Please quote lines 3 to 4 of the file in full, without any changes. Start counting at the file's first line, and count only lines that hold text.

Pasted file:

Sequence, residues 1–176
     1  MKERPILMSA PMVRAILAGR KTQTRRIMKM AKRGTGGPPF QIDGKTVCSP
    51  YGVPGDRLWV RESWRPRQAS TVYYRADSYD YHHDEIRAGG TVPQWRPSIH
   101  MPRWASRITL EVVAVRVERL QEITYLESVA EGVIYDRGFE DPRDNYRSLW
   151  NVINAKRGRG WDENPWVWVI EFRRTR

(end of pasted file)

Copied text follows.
    51  YGVPGDRLWV RESWRPRQAS TVYYRADSYD YHHDEIRAGG TVPQWRPSIH
   101  MPRWASRITL EVVAVRVERL QEITYLESVA EGVIYDRGFE DPRDNYRSLW